The Miagao Church Bicentennial Yearbook, 1797-1997
by: Randy Madrid and Jorge Ebay

The town’s first church building was constructed in Ubos by Nicolas Pangkug, first capitan of the town. The church was completed three years before the first Spanish priest came in 1734, but this was burned by the Muslim pirates in 1741. Miagao was officially created as a parroquia on May 15, 1734.

The second church was constructed under the leadership of Parish Priest Fray Fernando Camporedondo (1746-1747). This church was also burned and looted by the pirates. The raids discouraged the people from building another church. But they needed one not only as a house of worship but also as a stronghold against pirate attacks. So they decided to build a third church in Tacas where the townsfolk have a commanding view of the mouth of the Miagao river, the usual route followed by the pirates in entering the town. This church still stands after defying elements and catastrophies for two centuries.

Construction of the present Miagao Church was started on a Saturday, the town’s market day, in December 1786, half a century after the founding of the Miagao parish. The parish priest at the time was Fray Francisco Maximo Gonzales and the town head was Capitan Domingo Libo-on. When it was finished in 1797, Fray Gonzales was still parish priest and Tomas Paguntalan was the town capitan.

The blocks of stones used in the construction of the church were quarried at Sitio Tubog in nearby San Joaquin town and in the mountains of the town of Igbaras. Work was supervised by a certain Matias, a foreman from Igbaras who later on ws replaced by a certain Aquino from Alimodian, Iloilo, when the former was called to direct the church construction in his own town.

In baroque-romanesque style, the church sinks six (6) meters deep into the ground with walls one-and-a-half (1 1/2) meters thick and buttresses thrice thicker in size. A truly ‘Philippine Church’, it exudes a native touch. Its artistic facade is decorated witha relief sculpture of St. Christopher carrying the Christ child amidst coconut, papaya and guava shrubs. A large stone image of St. Thomas of Villanova, parish patron saint, dominates the center. Carved life-size statues of the Pope and St. Henry with their coat-of-arms above them flank the main entrance. Supporting the facade are the twin belfries, one towering two-storeys and the other three-storeys high.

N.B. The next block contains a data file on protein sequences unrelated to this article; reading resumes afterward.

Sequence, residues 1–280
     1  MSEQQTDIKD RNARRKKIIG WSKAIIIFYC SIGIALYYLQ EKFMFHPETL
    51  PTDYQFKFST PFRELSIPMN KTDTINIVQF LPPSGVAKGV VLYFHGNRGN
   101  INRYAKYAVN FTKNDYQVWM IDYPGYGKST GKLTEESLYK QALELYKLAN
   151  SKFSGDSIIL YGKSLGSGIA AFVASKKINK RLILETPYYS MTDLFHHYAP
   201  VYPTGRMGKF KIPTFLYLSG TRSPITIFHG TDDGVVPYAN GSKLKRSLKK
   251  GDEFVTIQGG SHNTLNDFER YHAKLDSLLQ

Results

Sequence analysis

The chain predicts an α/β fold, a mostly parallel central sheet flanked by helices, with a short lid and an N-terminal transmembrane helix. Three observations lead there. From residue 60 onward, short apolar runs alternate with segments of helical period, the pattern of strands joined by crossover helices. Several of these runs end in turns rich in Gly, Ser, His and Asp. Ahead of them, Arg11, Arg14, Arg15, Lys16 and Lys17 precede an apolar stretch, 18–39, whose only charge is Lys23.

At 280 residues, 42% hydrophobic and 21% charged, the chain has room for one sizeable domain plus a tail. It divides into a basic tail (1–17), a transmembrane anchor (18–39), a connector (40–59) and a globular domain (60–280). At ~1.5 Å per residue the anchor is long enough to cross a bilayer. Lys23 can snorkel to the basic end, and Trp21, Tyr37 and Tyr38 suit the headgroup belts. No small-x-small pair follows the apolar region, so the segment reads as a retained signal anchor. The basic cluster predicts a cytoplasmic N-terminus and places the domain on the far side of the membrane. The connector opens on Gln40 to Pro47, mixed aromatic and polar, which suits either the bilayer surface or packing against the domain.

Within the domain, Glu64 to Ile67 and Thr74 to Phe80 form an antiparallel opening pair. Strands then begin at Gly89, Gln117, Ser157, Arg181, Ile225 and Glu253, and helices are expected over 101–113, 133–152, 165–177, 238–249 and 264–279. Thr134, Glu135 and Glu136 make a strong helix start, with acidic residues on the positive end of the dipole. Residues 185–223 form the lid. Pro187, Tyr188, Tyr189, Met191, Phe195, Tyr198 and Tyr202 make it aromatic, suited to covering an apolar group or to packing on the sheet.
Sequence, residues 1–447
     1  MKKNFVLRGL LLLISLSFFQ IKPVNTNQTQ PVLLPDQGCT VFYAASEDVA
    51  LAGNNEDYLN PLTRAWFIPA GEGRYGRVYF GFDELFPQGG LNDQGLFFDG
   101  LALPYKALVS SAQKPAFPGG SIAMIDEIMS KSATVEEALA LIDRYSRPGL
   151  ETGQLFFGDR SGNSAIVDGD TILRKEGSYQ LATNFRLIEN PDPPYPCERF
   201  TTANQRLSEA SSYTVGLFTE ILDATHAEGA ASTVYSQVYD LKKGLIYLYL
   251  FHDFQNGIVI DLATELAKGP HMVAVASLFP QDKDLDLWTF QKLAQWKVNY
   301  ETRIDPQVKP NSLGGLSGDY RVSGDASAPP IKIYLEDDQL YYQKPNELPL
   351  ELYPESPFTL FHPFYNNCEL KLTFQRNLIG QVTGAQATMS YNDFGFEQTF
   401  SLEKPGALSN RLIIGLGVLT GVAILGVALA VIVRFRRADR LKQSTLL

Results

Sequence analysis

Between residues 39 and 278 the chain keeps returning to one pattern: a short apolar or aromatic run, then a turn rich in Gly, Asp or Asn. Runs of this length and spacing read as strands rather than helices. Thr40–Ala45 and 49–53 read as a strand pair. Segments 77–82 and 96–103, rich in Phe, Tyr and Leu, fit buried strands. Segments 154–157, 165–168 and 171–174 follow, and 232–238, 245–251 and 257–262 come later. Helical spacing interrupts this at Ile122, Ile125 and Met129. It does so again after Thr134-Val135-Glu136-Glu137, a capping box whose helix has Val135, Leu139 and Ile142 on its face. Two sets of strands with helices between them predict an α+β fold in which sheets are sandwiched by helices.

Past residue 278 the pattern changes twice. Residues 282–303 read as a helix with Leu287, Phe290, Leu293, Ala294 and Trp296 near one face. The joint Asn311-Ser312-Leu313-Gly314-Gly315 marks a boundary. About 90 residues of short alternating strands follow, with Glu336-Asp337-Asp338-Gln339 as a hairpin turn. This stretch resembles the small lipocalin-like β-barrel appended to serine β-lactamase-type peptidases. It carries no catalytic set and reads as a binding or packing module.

When finished in 1797, the left tower was lower than the right. In 1830, thirty-three (33) years after it was finished, an additional structure was added to the left belfry to make them equal in height. Fray Francisco Reyes was then the parish priest and Capitan Bernabe Paguntalan was the townhead.

Now 206 years old, Miagao Church is one of the few remaining old churches in the country. The earthquake of January 24, 1948, the strongest ever to hit Panay, toppled the bell tower of Jaro and the old church of Oton as well as many other Spanish-built churches in the island, but not the Miagao Church. Only a small portion of its concrete beam gave way sending some stoneblocks loosened by heavy tremors.

While Miagao Church stood the test of time and calamities, it did not somehow escape the trauma of two wars. It was burned during the revolution against Spain in 1898 and during the Japanese occupation from 1942 to 1944.
When liberation came in 1945, the people of Miagao undertook the herculean task of reconstructing the church. Led by then Reverend Father now Msgr. Wenceslao Enojo, parish priest, contributions came readily and it was not long after that the church was put back in shape.
When Msgr.Fernando Javillo took over as parish priest in August 1959, he not only continued the rehabilitation work but also expanded the repairs and renovations. Msgr. Javillo renovated and restored the church facade and the twin tower taht were left untouched for more than one century and a half.